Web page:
A Briton wanted by the FBI over allegations he set up a £16m religious-themed investment scam in the US is to be extradited.
Howard Welsh, from Liverpool, is accused of running a "divinely inspired" scheme that defrauded more than 1,000 religious investors. The 62-year-old will be extradited to face money-laundering charges before July 19.
His investment scheme was allegedly a version of a Ponzi fraud - named after a conman in 1920s Boston - which lures investors by creating a buzz through making a select number of big early payouts.
Mr Welsh and his 52-year-old American girlfriend, Lee Hope Thrasher, allegedly started the Living Your Sole Purpose scheme in Virginia Beach, Virginia, seven years ago.
The couple are accused of targeting deeply religious investors by using church networks in various US cities to play on their victims' sense of faith.
As more and more investors became involved, the payouts allegedly stopped, and it has been claimed that one investor lost around £4m.
In summer 2003, the US district court in Norfolk, Virginia, charged Mr Welsh and Ms Thrasher with conspiracy to commit money laundering. The couple disappeared from Virginia Beach and were placed on the FBI's most wanted list website.
They are thought to have spent time in South America, Africa and central Europe while being hunted by the FBI and, later, by Interpol.
US media reports said one investor had received an email, believed to be from Ms Thrasher, after the couple vanished. "We feel very good about everything ... so just take deep breaths with us ... and be surrounded by God's brilliant white light," the email said.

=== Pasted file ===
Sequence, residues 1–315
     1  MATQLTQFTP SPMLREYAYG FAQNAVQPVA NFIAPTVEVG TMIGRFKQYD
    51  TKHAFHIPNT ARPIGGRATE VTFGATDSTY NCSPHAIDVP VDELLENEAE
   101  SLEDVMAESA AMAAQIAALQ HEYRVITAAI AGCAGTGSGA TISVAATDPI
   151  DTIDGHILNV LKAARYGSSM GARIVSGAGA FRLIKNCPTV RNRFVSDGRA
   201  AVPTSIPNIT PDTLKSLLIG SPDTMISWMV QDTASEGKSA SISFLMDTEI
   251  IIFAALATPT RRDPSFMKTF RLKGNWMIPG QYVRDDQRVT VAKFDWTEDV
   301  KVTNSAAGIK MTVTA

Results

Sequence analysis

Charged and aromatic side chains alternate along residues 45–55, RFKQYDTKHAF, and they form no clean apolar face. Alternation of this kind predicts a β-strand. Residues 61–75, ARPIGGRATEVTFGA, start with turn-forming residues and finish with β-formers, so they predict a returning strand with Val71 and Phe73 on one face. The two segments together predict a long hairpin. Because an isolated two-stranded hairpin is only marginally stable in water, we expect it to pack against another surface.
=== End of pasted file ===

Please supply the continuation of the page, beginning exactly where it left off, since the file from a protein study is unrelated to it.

Police from Scotland Yard arrested the couple as they got off a train in Whitchurch, Shropshire, in November 2004. They had been staying with Mr Welsh's mother, Doris, who is in her 90s, at her retirement home in the town.
Since then, they have been held in UK prisons - Mr Welsh at Brixton and Ms Thrasher at Holloway - while fighting US attempts to extradite them.
In March this year, they applied to the House of Lords for leave to appeal to the law lords against extradition. However, their attempt to have the law lords hear an appeal was rejected last Tuesday.
This was their final avenue of appeal in the UK, and the Home Office said extraditions must be carried out no later than 28 days after such a decision had been reached.
The couple could attempt to have their case heard by the European court of human rights, but their solicitor, Colin Nott, said this option would not stop the extradition.
Mr Nott said they were disappointed that their case would not be heard at the House of Lords, adding that there was a "proper argument" to be made over the imbalance in the extradition relationship between the US and the UK.
The US has not ratified a 2003 extradition treaty with the UK, which means that while US citizens can only be extradited to Britain if prima facie evidence is presented, US authorities only need present information about allegations to extradite a UK national.
Mr Nott said the House of Lords had also refused to hear an appeal from three former NatWest bankers, who are to be extradited to the US to stand trial on Enron-related fraud charges.